Coronavirus Reveals A Gaping Hole In U.S. Workplace Safety Law

Labor groups are pressing for an emergency infectious disease standard to protect workers more likely to be exposed to the virus.

Millions of Americans have jobs that put them at a higher risk of coming in contact with coronavirus as it spreads. Yet there is no federal regulation to protect people from airborne infectious diseases in the workplace, giving safety officials little power to make sure employers aren’t endangering their workers.

The lack of such a standard has alarmed workplace safety advocates as the number of cases continues to grow, reaching at least 118 on Tuesday. Their concern is great enough that some of the country’s largest unions are expected to call on the Occupational Safety and Health Administration to implement a temporary, “emergency” standard for infectious disease during the outbreak, to protect everyone from nurses and home health aides to bus drivers and retail workers.

According to a draft petition obtained by HuffPost, unions within the AFL-CIO labor federation are asking for a comprehensive plan covering protective equipment, vaccinations, hazard training, medical surveillance for high-risk workers, and a written control plan. They are addressing their concerns to Eugene Scalia, the head of the Labor Department, which includes OSHA.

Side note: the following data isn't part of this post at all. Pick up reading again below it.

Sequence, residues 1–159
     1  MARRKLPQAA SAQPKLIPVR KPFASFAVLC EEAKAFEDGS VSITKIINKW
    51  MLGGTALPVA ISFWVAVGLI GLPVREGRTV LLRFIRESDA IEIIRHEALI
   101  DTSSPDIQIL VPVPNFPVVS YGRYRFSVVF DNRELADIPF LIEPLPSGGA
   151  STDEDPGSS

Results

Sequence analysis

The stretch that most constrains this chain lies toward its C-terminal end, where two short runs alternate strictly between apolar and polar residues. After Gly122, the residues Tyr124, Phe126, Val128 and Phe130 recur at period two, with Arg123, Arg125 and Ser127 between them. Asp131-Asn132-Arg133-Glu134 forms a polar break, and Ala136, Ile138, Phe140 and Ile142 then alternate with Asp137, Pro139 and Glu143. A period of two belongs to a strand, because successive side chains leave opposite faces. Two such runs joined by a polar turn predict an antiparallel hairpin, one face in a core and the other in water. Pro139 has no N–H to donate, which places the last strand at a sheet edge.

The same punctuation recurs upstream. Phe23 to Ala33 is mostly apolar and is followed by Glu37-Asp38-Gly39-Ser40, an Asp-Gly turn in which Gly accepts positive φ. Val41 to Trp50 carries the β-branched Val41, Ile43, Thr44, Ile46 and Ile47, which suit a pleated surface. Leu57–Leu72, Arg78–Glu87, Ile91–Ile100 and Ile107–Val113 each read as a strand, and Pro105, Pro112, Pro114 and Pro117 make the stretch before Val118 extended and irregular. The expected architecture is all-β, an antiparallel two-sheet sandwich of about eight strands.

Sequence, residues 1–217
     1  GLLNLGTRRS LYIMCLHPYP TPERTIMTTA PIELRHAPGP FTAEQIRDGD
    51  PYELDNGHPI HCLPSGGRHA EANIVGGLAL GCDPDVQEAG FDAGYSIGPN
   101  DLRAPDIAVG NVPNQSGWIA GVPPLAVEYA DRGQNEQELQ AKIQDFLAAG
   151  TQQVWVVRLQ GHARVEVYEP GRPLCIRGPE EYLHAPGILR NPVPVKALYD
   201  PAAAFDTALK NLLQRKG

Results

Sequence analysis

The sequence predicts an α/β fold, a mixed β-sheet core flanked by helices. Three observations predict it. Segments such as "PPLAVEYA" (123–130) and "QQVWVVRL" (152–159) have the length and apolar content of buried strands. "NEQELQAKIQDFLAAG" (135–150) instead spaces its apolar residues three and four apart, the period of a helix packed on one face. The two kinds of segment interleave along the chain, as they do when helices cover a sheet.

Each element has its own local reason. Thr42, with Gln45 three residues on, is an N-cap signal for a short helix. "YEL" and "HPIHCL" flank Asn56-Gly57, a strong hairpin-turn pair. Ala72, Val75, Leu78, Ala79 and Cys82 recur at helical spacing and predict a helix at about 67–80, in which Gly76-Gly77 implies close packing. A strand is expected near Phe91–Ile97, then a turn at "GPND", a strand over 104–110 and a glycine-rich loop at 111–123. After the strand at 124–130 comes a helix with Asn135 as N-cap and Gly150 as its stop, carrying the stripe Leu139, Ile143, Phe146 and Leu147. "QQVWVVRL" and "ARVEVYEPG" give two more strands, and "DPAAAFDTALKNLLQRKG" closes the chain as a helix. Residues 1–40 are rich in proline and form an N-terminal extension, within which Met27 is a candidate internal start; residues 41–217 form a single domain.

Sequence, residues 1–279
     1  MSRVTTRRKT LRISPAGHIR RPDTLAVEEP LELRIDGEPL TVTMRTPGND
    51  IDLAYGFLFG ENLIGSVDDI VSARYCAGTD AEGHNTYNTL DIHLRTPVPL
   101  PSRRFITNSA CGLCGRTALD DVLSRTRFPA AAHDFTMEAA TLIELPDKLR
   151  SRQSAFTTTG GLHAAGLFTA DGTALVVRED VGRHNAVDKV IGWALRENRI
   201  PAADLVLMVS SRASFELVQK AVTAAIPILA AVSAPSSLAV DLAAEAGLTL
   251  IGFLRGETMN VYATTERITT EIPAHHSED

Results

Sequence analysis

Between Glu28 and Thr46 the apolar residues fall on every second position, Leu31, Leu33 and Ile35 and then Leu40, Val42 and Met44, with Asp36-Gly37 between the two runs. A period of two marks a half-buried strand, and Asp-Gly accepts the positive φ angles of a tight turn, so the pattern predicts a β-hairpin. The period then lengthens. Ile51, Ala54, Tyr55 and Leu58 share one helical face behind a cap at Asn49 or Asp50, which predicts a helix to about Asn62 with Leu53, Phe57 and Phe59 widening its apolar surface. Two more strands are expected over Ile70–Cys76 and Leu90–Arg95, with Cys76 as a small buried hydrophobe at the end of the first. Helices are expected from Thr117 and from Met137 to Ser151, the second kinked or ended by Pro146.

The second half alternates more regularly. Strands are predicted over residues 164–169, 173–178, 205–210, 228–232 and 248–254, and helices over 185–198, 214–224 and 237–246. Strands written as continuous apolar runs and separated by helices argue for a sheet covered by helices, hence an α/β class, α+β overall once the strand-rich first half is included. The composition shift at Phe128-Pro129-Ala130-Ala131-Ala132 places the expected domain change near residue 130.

The union officials note that various federal agencies have issued their own guidance on how to handle the coronavirus, but some protections are stronger than others and employers lack “clarity and consistency” on where to turn.

“OSHA is the clear choice to issue direct, protective requirements, as their core legislative mandate is to ensure the safety and health of America’s workforce,” the draft letter states. “OSHA must move expeditiously.”

An OSHA spokesperson did not immediately respond to a request for comment.

Anthony Fauci, director of the National Institute of Allergy and Infectious Diseases, and President Donald Trump during a briefing on the coronavirus.
Anthony Fauci, director of the National Institute of Allergy and Infectious Diseases, and President Donald Trump during a briefing on the coronavirus.
Leah Millis / Reuters

Whether to issue such an emergency standard would ultimately be a decision made by political leaders. Scalia was nominated for his post by President Donald Trump and confirmed by the GOP-controlled Senate. Three years into his tenure, the president still has not put anyone in charge of running OSHA.

The odds for quickly implementing such a standard don’t appear to be great. The Trump administration has been far more likely to repeal regulations on employers rather than add new ones, and the president has worked hard to downplay concerns over coronavirus as the stock markets plunged. He has lowballed the number of infections as they have become public, and said the virus will probably ”go away in the spring, even though experts aren’t sure that will happen.